Piracy, which is spreading all the way up to the Ivory Coast, is becoming more and more violent. The pirates have changed their methods: they have gone from being economic predators to taking hostages. A recent example is the June 4 attack against the BourbonArethuse, an offshore tug supply vessel. “The pirates were looking for expats,” says Commander Vericourt. There were two 20-meter long speedboats with a dozen of very organized armed men in “uniforms” on board – the assailants opened fire to take control of the ship. Luckily, the expats had had enough time to barricade themselves in a safe room.

The Nigerian sailors who didn’t have time to barricade themselves were left unharmed. With nothing to plunder, the pirates left, and found two other ships to attack: the C-Viking and the Miss-Kayla. The frigate located the two pirate speedboats 5 kilometers away, drifting with their lights off.

A “voluntary naval control” has been established in the Gulf of Guinea, led by the French navy in Brest, France. The Corymbe frigate advises the other French ships or the boats “of interest” if they signal their presence. The militarization of the area seems unavoidable. “If there are no controls or no presence in the area, people will take over the region,” says Commander Vericourt.

Since 2006, the U.S. naval forces has been involved in supporting local militaries, coast guards and mariners under its African Partnership Station initiative to improve maritime safety and security in Africa. The U.S. has provided patrol boats to every country in the region. France is undertaking similar actions in Equatorial Guinea where it has opened a naval academy. With the help of other partner countries such as Israel, China and Russia, the coastal countries of the Gulf of Guinea are trying to build their own navy.

It’s only recently that these countries became aware of the necessity to do so. In February 2009, Equatorial Guinea’s presidential palace in its capital city Malabo, located off the coast of Cameroon on Bioko Island, was attacked from the sea. Other such attacks have targeted banks in Cameroon or supermarkets in Port-Gentil, Gabon as well. They were orchestrated by pirates, mafias and rebel militias.

Senegal, Liberia, Cape Verde, Guinea Conakry, Ivory Coast, Ghana… The Latouche-Treville has seen around 15 ports in the first four months of its mission.

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Look At This Crap! The "Enshittification" Theory Of Why The Internet Is Broken

The term was coined by journalist Cory Doctorow to explain the fatal drift of major Internet platforms: if they were ever useful and user-friendly, they will inevitably end up being odious.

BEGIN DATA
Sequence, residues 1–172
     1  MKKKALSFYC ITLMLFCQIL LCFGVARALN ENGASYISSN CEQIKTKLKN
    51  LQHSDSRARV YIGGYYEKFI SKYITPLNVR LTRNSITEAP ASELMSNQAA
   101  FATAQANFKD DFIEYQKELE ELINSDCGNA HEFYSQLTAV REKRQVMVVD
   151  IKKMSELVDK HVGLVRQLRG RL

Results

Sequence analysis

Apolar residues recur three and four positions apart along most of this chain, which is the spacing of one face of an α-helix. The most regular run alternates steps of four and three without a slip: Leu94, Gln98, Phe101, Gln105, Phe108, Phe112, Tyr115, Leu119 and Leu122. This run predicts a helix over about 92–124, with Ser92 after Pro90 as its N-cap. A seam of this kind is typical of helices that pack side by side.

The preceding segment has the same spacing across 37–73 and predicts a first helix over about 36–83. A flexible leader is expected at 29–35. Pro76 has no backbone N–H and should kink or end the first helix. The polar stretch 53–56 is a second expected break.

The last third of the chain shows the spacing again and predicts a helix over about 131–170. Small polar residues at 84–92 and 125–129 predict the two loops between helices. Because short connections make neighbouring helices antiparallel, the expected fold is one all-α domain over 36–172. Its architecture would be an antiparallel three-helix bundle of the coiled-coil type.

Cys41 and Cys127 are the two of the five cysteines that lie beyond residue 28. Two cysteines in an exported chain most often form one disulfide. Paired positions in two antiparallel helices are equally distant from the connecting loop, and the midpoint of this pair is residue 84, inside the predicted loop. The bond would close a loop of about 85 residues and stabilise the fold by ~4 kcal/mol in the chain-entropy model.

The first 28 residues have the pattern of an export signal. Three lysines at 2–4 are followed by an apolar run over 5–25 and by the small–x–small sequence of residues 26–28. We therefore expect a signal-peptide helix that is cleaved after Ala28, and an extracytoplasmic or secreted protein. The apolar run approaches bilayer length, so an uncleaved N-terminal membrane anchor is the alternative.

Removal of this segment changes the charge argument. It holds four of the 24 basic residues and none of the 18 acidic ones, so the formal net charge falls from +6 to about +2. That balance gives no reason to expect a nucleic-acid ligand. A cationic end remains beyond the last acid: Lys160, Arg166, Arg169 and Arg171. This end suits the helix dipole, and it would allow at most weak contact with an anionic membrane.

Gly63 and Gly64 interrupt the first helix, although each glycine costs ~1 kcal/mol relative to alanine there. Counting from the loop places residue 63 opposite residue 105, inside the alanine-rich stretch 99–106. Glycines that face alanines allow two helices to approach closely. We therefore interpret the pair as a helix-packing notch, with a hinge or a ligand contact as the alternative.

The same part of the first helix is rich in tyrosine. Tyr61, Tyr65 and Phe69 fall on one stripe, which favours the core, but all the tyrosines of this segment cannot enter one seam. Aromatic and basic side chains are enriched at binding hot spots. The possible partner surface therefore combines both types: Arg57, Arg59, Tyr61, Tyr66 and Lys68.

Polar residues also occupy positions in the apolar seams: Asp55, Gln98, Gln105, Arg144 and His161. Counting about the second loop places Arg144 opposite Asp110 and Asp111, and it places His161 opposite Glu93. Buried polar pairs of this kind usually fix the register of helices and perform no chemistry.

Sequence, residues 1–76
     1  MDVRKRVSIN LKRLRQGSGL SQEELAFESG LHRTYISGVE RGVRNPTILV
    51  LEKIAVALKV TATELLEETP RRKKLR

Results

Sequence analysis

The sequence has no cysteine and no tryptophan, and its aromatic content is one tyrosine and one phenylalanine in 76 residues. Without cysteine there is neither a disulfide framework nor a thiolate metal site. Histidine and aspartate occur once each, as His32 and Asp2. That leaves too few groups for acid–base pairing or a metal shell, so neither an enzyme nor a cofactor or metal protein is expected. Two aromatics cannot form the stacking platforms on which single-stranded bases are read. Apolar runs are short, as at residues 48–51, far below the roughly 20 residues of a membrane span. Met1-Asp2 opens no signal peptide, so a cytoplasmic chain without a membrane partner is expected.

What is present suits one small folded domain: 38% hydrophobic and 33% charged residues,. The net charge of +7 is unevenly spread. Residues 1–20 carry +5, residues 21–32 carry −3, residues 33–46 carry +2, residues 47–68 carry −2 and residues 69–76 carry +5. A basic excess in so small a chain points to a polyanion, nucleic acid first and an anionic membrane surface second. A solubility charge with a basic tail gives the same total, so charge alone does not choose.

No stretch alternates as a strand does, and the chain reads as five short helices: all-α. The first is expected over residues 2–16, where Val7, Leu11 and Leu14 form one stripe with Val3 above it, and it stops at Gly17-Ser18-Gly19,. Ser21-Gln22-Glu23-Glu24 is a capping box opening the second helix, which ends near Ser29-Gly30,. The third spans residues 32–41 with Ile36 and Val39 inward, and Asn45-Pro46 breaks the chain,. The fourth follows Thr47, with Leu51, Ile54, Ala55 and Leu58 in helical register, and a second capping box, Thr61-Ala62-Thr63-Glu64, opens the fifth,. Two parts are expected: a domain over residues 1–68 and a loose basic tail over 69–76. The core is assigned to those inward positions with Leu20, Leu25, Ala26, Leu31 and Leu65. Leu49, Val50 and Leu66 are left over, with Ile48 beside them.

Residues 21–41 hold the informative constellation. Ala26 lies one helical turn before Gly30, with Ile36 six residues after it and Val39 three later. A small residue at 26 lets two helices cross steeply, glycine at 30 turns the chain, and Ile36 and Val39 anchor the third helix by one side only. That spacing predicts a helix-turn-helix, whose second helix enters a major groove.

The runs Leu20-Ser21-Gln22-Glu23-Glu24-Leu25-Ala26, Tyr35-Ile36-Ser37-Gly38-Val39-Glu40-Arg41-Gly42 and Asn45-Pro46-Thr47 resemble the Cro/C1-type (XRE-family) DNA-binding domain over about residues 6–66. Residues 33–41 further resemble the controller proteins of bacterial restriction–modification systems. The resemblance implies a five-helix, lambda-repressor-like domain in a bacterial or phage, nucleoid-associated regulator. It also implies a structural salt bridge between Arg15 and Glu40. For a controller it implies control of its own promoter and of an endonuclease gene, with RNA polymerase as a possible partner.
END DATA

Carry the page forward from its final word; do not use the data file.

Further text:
A photo of hands holding onto a smartphone

A person holding their smartphone

Gilles Lambert/ZUMA
Manuel Ligero


The universe tends toward chaos. Ultimately, everything degenerates. These immutable laws are even more true of the Internet.

In the case of media platforms, everything you once thought was a good service will, sooner or later, disgust you. This trend has been given a name: enshittification. The term was coined by Canadian blogger and journalist Cory Doctorow to explain the inevitable drift of technological giants toward... well.

The explanation is in line with the most basic tenets of Marxism. All digital companies have investors (essentially the bourgeoisie, people who don't perform any work and take the lion's share of the profits), and these investors want to see the percentage of their gains grow year after year. This pushes companies to make decisions that affect the service they provide to their customers. Although they don't do it unwillingly, quite the opposite.

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Annoying customers is just another part of the business plan. Look at Netflix, for example. The streaming giant has long been riddling how to monetize shared Netflix accounts. Option 1: adding a premium option to its regular price. Next, it asked for verification through text messages. After that, it considered raising the total subscription price. It also mulled adding advertising to the mix, and so on. These endless maneuvers irritated its audience, even as the company has been unable to decide which way it wants to go. So, slowly but surely, we see it drifting toward enshittification.